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Take the Wheel

by Webmaster Masala

Automotive entrepreneur Sutheep Ratnabhas leads the Asian sector of Maxion Wheels. 

By Shruti Kothari

Breaking away from tradition is never easy. Sutheep Ratnabhas, Managing Director and Vice President of Maxion Wheels, decided not to join his family firm, and found success instead in the world of technology. Following his passion taught Sutheep about the importance of mentorship, a concept which he has taken to heart and works to encourage in the generations that follow.

Tell us a bit about the educational path you took to reach where you are today.

I started my early education at Bangkok Patana School, and then moved to Ruamrudee International School, from where I graduated. I went on to get my Bachelor’s Degree in Engineering with a Mechanical Engineering emphasis from the University of Missouri, USA. Ten years later, I went to get my Master’s from Sasin School of Management — this time, my one-year-old daughter attended my graduation. All this seems like a lifetime ago, as I now prepare to send off this same daughter to attend university in Sydney.

It sounds like your family has been a big influence in your life.

Growing up, I was blessed and privileged to be raised in the house I still live in today. I was lucky to be brought up in a loving family that instilled strong values in me.

That’s amazing. Did their support help you as you navigated the working world?

Definitely. Unlike many Thai-Indians of my generation, I was one of the few people who did not join the family business, but instead chose to embrace a professional career. With the exception of the first four years of my career (where I was involved in the production of hard disk drives), the remaining 25 years have involved the automotive sector in some form.

Where did you begin the switch from hard disk drives to the automotive field?

My first venture in the auto sector was 25 years ago, when I started up the Asian operations of a Detroit-based consulting company for strategy, business improvement and systems implementation. This was for both the auto and semiconductor sectors, and I was involved in setting up operations in India, Thailand and China. At that time, having been certified by the Automotive Industry Action Group and the Semiconductor Assembly Council, I was required to travel extensively in the USA and Europe, often for months at a time, working with the likes of Ford, GM, Intel, Texas Instruments and so on.

While the work sounds thrilling, did all of the travelling get exhausting?

After my first daughter was born, I decided to slow down my travels for a short time. I was involved in setting up a production facility for an Australian entrepreneurial start-up with innovative automotive braking technology. After this, I worked for the large, US$8 billion Fortune 100 company, Destaco for 11 years, where I was the Asia President for one of its subsidiaries. This company was involved in material handling and robotic automation for production lines used in the auto sector as well as the nuclear industry. I was brought in to do a turn-around for one of the underperforming businesses in Thailand. Subsequently, I set-up two new manufacturing facilities in China and India for the same company.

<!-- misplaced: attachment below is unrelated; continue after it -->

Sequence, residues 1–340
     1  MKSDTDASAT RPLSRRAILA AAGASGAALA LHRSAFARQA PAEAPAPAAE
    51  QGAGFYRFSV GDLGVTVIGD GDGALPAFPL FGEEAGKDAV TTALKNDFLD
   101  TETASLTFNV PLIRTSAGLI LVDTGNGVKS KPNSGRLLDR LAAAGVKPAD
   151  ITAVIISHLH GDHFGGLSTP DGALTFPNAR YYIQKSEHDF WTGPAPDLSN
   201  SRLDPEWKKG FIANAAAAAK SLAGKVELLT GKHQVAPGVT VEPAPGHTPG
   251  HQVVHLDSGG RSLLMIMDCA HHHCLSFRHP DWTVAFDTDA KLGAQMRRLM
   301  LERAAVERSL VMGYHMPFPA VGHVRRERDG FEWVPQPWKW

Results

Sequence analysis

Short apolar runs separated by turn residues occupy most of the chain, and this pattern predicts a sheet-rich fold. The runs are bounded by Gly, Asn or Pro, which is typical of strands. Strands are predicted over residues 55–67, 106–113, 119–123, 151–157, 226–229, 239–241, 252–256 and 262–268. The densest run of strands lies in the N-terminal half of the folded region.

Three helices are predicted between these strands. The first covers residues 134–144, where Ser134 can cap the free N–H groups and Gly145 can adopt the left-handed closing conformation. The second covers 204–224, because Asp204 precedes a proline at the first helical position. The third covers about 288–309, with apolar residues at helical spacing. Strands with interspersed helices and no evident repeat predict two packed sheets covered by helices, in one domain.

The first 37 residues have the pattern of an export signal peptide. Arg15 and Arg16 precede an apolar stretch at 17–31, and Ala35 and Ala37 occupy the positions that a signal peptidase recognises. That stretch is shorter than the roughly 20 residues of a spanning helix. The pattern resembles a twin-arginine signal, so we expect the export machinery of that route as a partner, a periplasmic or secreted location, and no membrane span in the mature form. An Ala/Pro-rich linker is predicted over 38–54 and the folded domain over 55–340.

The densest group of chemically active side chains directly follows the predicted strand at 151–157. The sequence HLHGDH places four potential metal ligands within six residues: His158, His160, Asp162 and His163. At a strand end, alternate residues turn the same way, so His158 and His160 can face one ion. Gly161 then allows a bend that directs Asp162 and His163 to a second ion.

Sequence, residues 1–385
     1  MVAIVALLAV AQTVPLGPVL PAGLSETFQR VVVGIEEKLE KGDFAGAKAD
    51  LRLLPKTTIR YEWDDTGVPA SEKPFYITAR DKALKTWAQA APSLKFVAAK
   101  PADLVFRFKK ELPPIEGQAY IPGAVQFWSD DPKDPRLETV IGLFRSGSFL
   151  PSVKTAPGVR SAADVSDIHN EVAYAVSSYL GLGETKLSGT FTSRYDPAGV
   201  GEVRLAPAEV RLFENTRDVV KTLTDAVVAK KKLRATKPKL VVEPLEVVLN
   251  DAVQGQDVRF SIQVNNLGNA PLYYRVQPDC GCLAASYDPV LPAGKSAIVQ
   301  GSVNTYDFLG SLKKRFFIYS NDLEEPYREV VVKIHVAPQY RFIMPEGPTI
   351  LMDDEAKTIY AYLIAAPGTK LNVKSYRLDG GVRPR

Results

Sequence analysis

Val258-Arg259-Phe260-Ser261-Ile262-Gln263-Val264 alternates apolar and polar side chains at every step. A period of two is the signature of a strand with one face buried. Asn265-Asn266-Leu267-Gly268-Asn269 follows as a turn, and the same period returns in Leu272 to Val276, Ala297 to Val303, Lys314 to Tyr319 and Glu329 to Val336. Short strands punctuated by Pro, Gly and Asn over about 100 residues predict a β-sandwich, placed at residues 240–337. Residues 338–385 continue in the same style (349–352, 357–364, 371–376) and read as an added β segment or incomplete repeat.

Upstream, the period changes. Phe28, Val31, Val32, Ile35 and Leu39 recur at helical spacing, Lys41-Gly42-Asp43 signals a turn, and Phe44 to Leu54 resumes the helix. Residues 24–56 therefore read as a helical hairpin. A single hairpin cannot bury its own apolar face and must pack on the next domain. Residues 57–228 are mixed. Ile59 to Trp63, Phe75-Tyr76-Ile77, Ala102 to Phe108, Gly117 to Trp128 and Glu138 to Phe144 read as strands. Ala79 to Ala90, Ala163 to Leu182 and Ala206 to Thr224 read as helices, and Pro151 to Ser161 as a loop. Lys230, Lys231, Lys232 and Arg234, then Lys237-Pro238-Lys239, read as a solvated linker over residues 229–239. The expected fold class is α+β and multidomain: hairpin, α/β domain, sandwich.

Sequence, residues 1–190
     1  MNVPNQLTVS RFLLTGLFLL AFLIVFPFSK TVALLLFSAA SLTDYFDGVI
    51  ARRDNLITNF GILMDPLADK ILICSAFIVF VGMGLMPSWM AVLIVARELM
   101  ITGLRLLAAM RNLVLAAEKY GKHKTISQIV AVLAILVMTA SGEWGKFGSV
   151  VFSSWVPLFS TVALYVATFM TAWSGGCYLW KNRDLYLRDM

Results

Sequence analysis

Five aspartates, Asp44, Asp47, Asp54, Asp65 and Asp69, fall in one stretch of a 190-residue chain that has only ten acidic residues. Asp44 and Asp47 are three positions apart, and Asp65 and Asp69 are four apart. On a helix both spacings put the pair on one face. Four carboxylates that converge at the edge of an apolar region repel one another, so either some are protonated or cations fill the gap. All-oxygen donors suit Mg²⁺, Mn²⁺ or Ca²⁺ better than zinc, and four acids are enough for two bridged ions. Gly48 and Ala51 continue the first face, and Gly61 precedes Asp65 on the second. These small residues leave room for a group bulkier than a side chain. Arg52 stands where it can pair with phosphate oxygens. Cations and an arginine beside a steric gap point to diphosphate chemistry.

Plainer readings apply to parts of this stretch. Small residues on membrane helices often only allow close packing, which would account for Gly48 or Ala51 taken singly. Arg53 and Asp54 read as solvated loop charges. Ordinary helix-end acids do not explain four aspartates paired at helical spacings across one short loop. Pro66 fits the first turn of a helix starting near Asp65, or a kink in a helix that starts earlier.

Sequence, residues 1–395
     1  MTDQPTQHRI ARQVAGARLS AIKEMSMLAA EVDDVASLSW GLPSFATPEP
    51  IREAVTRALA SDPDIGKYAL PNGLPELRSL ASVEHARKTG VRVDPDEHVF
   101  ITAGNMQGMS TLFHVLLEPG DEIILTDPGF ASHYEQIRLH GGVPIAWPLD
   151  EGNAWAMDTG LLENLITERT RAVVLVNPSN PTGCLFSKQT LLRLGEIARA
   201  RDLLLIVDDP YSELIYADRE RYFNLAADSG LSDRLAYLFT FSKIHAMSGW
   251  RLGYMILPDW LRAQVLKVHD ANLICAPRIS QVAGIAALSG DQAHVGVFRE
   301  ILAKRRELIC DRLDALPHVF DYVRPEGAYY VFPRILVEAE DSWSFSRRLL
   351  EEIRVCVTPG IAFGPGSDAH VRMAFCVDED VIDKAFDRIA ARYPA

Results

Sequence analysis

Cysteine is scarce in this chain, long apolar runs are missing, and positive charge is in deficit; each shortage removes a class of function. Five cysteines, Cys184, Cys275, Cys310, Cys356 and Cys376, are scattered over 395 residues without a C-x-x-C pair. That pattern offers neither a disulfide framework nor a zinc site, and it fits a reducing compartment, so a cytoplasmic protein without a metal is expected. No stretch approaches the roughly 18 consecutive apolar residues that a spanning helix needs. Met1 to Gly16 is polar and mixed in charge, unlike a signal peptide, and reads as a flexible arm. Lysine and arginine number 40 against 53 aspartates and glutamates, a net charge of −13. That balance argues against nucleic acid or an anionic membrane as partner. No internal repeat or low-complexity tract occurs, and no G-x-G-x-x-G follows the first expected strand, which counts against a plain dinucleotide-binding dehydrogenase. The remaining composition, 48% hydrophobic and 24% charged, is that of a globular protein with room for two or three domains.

How did you make the shift over to Maxion Wheels?

They approached me with the exciting offer to run their Asian operations with manufacturing facilities in India, Thailand, and China. This company is the world’s largest truck and passenger wheel supplier — both steel and aluminum. One in every eight vehicles sold in the world today have our wheels on them. The Asian footprint, which I am responsible for, employs 1,800 employees, and produces an excess of eight million wheels.

Why did you choose to work in the wheels business versus any other component of the car?

That is an interesting question. We are seeing changes in the automotive industry that we have never seen before. There are four big industry trends in particular: electrical cars, autonomous/self-driving cars, connected cars and ride sharing. Despite all these changes, one common denominator remains the same – the wheel. Imagine if you are a diesel engine manufacturer for the auto sector, your days are quite limited given the trend towards clean energy. The wheel, however, isn’t going anywhere.

Does it ever get boring to just be working on wheels?

No! Although the old saying goes “don’t reinvent the wheel,” we continuously innovate in our business in order to remain the market leader. Our new “smart” wheels have many features and sensors for today’s connected cars, and we consistently redefine and push the boundary of the wheel, as we continue to reinvent ourselves.